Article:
There is a growing trend towards personalization of medical care, as evidenced by the emphasis on outcomes based medicine, the latest developments in CT and MR imaging and personalized treatment in a variety of surgical disciplines. 3D Printing has been introduced and applied in the medical field since 2000. The first applications were in the field of dental implants and custom prosthetics. According to recent publications, 3D printing in the medical field has been used in a wide range of applications which can be organized into several categories including implants, prosthetics, anatomical models and tissue bioprinting. Some of these categories are still in their infancy stage of the concept of proof while others are in application phase such as the design and manufacturing of customized implants and prosthesis. The approach of 3D printing in this category has been successfully used in the health care sector to make both standard and complex implants within a reasonable amount of time. In this study, some of the clinical applications of 3D printing in design and manufacturing of a patient-specific hip implant would be explained. In cases where patients have complex bone geometries or are undergoing a complex revision on hip replacement, the traditional surgical methods are not efficient, and hence these patients require patient-specific approaches. There are major advantages in using this new technology for medical applications, however, in order to get this technology widely accepted in medical device industry, there is a need for gaining more acceptance from the medical device regulatory offices. This is a challenge that is moving onward and will help the technology find its way at the end as an accepted manufacturing method for medical device industry in an international scale. The discussion will conclude with some examples describing the future directions of 3D Medical Printing.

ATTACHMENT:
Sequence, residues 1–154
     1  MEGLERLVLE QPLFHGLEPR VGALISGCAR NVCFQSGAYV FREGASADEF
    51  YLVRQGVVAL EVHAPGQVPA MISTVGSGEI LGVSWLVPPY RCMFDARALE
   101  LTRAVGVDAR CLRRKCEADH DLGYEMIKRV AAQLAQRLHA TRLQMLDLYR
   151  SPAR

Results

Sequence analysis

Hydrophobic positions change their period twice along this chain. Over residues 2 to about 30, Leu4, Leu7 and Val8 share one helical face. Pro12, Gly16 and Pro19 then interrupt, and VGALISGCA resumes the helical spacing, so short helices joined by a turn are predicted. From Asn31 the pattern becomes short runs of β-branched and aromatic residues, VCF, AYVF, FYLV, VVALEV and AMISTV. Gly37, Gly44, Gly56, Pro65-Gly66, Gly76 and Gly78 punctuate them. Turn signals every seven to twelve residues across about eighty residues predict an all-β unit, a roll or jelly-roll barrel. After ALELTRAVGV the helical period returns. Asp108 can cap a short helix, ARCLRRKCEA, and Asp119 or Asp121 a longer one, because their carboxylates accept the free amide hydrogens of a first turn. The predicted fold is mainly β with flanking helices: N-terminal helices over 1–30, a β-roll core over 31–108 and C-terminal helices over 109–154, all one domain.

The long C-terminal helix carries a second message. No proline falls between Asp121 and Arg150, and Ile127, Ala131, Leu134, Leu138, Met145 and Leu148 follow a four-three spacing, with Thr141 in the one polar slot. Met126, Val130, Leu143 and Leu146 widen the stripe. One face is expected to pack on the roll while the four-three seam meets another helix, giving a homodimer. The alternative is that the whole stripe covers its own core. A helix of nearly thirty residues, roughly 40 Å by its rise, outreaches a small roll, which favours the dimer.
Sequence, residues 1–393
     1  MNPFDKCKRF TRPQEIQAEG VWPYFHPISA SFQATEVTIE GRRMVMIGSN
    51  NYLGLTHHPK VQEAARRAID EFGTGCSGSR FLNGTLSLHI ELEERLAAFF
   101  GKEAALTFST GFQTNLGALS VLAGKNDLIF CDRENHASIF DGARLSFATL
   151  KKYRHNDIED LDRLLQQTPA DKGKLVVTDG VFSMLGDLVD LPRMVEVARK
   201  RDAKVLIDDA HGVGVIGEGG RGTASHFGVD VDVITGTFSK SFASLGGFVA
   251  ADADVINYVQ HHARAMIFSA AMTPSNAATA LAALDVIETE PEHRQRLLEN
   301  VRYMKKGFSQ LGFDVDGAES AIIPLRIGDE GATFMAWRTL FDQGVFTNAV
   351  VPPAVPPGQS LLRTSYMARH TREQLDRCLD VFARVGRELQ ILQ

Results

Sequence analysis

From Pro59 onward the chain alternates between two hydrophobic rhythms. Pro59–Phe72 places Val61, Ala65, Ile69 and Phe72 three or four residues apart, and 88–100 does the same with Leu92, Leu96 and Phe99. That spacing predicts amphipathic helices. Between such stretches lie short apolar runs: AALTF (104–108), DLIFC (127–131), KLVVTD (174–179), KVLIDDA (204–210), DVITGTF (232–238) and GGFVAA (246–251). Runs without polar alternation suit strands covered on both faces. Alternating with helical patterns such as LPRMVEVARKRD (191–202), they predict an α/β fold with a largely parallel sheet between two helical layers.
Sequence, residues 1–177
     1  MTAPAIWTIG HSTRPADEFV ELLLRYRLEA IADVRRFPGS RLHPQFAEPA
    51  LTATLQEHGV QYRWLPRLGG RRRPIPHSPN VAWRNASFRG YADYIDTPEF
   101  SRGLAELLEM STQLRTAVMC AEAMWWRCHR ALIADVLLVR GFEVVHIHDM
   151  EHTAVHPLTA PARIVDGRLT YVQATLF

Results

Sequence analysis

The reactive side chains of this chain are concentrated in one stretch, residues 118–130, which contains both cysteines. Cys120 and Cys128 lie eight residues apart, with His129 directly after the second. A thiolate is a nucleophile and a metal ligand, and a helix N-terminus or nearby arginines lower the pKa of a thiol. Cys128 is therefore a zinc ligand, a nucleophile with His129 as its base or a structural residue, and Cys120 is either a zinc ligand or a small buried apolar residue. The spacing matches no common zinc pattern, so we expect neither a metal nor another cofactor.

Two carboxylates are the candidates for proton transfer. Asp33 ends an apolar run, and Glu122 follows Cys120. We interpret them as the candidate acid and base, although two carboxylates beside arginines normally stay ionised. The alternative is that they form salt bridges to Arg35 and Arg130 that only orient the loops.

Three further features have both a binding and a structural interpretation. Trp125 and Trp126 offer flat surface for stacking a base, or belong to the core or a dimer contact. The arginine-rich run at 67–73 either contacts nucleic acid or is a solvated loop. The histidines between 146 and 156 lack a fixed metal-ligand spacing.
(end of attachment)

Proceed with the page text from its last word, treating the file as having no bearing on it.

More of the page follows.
Keywords: Image Processing, Medical devices, CT/MRI, patient specific implants

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5 Analysis of Threats in Interoperability of Medical Devices

Authors: M. Sandhya, R. M. Madhumitha, Sharmila Sankar

Abstract:

Interoperable medical devices (IMDs) face threats due to the increased attack surface accessible by interoperability and the corresponding infrastructure. Initiating networking and coordination functionalities primarily modify medical systems' security properties. Understanding the threats is a vital first step in ultimately crafting security solutions for such systems. The key to this problem is coming up with some common types of threats or attacks with those of security and privacy, and providing this information as a roadmap. This paper analyses the security issues in interoperability of devices and presents the main types of threats that have to be considered to build a secured system.

Keywords: Medical devices, Interoperability, Threats, Attacks

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4 Producer’s Liability for Defective Medical Devices in Light of Council Directive 85/374/EEC

Authors: Vera Lúcia Raposo

Abstract: